The State of Secularism – Religion, Tradition and Democracy in South Africa

The State of Secularism – Religion, Tradition and Democracy in South Africa

The Dutch Reformed Church, it was said in apartheid South Africa, was the National Party at prayer, and indeed, given that the Bible was so fundamental to much of the legislation that governed the apartheid state, that apparently satirical description had the ring of truth.

Detailed Information

  • Title: The State of Secularism – Religion, Tradition and Democracy in South Africa
  • Author: Dhammamegha Annie Leatt
  • Publisher: Wits University Press
  • Country of Origin: South Africa
  • Publication Year: 2017
  • ISBN: 9781776140572
  • Bib. Info: Paperback; 244pp

The Dutch Reformed Church, it was said in apartheid South Africa, was the National Party at prayer, and indeed, given that the Bible was so fundamental to much of the legislation that governed the apartheid state, that apparently satirical description had the ring of truth.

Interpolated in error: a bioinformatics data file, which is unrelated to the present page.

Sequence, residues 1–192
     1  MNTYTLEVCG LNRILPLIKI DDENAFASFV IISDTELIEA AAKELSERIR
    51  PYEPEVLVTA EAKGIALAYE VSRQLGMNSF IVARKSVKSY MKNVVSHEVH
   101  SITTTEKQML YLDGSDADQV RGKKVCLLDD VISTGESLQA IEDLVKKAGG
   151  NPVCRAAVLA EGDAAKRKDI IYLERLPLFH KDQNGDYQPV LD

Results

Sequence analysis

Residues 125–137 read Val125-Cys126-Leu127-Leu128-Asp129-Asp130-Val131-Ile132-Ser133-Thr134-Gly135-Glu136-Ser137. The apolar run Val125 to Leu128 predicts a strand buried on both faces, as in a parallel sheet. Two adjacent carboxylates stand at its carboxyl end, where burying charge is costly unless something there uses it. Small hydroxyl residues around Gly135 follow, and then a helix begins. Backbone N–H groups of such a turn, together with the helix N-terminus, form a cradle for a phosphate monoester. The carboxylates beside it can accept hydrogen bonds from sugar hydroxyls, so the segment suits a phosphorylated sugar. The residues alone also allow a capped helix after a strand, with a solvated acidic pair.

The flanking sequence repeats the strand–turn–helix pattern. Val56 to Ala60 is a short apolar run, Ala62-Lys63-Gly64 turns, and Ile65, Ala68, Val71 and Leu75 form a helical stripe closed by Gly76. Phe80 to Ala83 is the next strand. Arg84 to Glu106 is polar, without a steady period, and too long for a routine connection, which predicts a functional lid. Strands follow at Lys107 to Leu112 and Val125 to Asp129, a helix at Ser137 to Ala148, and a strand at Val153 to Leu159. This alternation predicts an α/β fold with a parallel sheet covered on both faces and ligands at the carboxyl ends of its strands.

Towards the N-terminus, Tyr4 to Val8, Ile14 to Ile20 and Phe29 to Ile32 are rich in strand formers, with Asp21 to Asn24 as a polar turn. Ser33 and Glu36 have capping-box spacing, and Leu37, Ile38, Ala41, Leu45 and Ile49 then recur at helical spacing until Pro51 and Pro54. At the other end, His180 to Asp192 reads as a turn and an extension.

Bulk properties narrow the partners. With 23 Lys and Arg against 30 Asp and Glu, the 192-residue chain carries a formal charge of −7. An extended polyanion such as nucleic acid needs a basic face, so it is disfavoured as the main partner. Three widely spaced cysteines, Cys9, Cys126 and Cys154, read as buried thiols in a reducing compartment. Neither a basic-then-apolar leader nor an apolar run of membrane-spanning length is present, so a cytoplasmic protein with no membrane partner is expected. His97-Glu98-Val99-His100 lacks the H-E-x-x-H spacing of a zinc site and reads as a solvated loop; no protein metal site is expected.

‘Religion in South Africa’s past’, writes Dhammamegha Annie Leatt, has been ‘saturated by politics’ and politics ‘saturated by religion’. So how, she asks, was it possible for a new state to found itself without religious authority? Why did the churches give up so much of their political role in the transition? How can we think about tradition and the customary in relation to secularism? How can we not?

In The State of Secularism Leatt guides the reader from a history of global political secularism through an exploration of the roles played by religion and traditional authority in apartheid South Africa to the position of religion in the post-apartheid state. She analyses the negotiations relating to religion in the constitution-making process, arguing that South Africa is both secular in its Constitution and judicial foundations and increasingly non-secular in its embrace of traditional authorities and customary law.

In the final chapter Leatt turns her attention to post-apartheid South Africa, examining changing relationships between churches and the ruling African National Congress and the increasing influence of traditional leaders and evangelical Christians in an anti-liberal alliance.

This book makes a tremendous contribution to the literature on postcolonial politics on the African continent. It has wonderful insights into the founding of a constitutional democracy in South Africa and will appeal to students in history, politics, sociology, anthropology and constitutional law.

Pin It on Pinterest

Share This